I'd like to end with something Frozen Garlic posted about a year ago. At the end of a long and prescient post, he suggested that executives and legislators in Taiwan have fundamentally different world views:
Presidents in many countries view the legislature as corrupt and parochial. Legislators, they think, are elected by special interests and depend on clientelism, factions, vote-buying, pork, locally influential extremists, and demagoguery to win their seats. How can they represent the people? In contrast, the president is elected by all the people in an election with a much stronger focus on issues that the people care about. The executive branch presents policies that balance the needs of all the people. When the special interests based in the legislature use their influence to emasculate the president’s policies, this is a travesty. Democracy is subverted!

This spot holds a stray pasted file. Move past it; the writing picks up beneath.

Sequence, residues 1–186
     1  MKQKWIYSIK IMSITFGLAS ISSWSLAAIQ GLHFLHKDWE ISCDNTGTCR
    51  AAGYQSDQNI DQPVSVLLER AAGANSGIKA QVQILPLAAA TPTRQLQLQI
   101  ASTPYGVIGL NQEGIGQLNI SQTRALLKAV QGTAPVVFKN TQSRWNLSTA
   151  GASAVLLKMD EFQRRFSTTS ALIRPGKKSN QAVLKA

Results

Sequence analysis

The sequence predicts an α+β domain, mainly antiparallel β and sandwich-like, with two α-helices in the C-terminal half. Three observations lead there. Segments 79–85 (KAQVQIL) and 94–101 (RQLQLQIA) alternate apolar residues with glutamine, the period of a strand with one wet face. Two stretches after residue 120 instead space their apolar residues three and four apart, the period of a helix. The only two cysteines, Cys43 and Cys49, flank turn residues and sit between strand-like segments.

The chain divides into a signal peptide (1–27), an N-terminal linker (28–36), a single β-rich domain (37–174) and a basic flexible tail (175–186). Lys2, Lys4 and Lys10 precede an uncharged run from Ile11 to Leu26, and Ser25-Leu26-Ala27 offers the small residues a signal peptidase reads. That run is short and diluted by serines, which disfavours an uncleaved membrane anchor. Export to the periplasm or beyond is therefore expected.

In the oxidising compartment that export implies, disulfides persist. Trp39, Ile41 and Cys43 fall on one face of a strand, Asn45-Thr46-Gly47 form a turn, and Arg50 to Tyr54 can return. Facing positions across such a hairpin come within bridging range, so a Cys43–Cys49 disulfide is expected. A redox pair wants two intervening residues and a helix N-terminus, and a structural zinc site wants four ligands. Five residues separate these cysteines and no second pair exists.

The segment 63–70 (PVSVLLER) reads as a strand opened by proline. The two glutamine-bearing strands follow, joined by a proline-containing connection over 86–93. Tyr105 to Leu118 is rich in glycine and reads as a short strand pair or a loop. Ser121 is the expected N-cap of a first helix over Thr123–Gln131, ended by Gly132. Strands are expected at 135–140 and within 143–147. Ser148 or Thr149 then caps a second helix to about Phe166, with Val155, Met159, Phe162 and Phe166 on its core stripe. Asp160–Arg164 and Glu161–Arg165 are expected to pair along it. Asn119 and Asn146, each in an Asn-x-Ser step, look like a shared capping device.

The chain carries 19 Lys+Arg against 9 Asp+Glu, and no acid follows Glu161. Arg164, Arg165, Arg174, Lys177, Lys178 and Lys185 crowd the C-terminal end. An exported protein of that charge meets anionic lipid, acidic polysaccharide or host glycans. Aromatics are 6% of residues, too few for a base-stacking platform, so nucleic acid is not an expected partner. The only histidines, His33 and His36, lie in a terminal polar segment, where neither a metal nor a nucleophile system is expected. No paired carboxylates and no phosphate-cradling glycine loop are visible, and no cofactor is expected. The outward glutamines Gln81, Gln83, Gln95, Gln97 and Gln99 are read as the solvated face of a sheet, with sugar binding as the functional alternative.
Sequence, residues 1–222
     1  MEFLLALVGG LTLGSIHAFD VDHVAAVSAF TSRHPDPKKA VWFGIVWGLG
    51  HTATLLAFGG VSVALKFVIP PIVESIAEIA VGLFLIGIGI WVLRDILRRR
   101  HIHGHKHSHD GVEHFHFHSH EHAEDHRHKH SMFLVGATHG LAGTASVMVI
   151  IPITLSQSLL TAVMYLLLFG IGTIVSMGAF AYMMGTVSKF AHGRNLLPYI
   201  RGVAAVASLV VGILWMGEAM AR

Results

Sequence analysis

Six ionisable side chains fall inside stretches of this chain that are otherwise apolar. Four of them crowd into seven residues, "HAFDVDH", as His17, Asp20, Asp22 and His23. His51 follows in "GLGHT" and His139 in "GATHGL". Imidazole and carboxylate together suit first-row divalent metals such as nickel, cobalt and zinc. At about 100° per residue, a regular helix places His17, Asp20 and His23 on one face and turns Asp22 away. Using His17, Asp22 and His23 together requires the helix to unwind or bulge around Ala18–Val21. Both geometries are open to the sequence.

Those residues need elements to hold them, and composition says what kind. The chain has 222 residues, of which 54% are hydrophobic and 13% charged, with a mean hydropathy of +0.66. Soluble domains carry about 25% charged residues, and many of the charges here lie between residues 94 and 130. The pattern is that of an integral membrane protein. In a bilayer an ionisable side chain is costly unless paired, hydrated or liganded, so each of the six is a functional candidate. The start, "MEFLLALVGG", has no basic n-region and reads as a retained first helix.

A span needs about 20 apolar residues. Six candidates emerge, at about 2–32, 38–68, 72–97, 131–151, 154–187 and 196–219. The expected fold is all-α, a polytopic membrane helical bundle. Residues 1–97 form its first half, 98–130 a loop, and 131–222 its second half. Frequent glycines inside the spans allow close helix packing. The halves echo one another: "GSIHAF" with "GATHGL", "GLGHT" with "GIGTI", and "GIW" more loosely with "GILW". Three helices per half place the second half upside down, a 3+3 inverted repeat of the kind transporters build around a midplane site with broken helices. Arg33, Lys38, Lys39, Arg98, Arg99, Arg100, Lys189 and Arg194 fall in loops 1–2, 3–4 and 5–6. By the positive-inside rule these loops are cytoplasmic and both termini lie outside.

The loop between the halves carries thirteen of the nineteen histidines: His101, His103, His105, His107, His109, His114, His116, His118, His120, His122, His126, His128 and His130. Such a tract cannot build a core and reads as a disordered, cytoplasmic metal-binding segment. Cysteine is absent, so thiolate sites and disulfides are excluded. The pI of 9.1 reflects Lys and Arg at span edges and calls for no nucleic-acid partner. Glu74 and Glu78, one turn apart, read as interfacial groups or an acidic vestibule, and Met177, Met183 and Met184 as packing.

Legislators, of course, see the world in very different terms. They are on the front lines and understand how people at the grassroots feel much better than the distant and imperious president. If anything, the collective popular mandate of the legislature is greater than that of the president since they collectively represent a far more diverse set of interests than the president. The democratic system requires them to examine executive bills carefully and consider the potential adverse impacts on their constituents. Of course the legislature modifies and rejects executive bills: democracy demands it!